The University of Washington community is bracing for sequestration, the ominous $85 billion nationwide federal budget cuts that began on March 1.
Under the sequester, UW anticipates major cuts in research and also in student financial aid due to mandated 5.1 percent cuts in "nondefense discretionary programs."
The cuts, which must be implemented by the end of fiscal year 2013 on Sept. 30, provide a tight timeline. UW analysts estimate 8.2 percent of federal budget cuts, or $83 million out of $1.08 billion in federal grant and contract funding, according to Katherine Long and Sandi Doughton of the Seattle Times.
In an email to the UW community Friday, UW President Michael Young described an estimated $75 to $100 million in losses to the current $1.05 billion of federally funded research. The cut is particularly concerning for UW's large research community.
The email also includes an estimation of $33,000 of losses in federal-work study funds. According to Young, "we intend to patch this with other money." Need-based Pell Grants - the largest federal student grant program - are protected from cuts during fiscal year 2013.
In his email, Young assures the community of UW's preparedness for the impacts of sequestration. He also emphasizes the school's opposition to research cuts:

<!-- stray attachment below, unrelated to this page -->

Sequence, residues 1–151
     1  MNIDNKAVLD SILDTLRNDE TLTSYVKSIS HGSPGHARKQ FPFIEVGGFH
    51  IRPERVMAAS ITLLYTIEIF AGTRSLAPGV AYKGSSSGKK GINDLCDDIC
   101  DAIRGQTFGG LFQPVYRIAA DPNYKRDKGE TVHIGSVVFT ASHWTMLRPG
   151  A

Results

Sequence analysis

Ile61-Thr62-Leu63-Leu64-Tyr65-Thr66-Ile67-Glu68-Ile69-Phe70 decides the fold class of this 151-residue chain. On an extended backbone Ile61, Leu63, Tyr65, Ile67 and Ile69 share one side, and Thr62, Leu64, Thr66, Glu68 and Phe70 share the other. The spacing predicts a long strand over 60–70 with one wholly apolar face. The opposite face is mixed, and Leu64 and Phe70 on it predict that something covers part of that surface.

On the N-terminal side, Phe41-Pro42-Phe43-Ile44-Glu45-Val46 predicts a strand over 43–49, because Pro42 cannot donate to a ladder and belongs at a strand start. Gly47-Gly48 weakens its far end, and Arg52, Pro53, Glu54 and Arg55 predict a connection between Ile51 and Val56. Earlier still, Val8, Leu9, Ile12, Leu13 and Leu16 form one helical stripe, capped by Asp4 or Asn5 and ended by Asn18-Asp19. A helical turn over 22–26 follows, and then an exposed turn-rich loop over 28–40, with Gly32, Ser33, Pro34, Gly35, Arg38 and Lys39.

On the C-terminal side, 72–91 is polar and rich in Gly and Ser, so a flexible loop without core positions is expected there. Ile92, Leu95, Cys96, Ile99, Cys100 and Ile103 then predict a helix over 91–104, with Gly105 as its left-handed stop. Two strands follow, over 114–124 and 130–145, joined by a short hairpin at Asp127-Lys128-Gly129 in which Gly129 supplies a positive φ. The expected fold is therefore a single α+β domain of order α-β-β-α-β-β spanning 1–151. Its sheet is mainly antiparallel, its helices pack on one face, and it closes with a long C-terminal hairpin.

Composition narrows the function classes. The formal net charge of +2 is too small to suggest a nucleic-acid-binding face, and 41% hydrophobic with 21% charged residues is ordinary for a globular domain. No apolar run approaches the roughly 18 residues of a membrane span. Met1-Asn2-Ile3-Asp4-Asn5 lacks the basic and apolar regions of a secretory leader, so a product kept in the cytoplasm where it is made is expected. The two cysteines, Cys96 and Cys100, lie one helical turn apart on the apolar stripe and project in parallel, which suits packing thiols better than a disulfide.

I want you to know that we remain firmly opposed to these reductions and, working with our fellow institutions in the Association of American Universities, will continue our advocacy efforts in the nation's capital to implore the President and Congress to reach agreement on a long-term budget deal that will protect the country's investments in research and innovation.
Sequestration is mandated through 2021, and - if kept in full - would result in $1.2 trillion in spending cuts or saving cuts over the next decade, according to a post by the UW Office of Federal Relations.
Although there is still uncertainty about how federal agencies will implement cuts, sequestration signals a change in the higher-education landscape.
"Whatever Congress may do this month to adjust the cuts or to adopt a budget for the remainder of the fiscal year, it is clear we have entered a new era for which we need to plan and be nimble and creative," Young writes.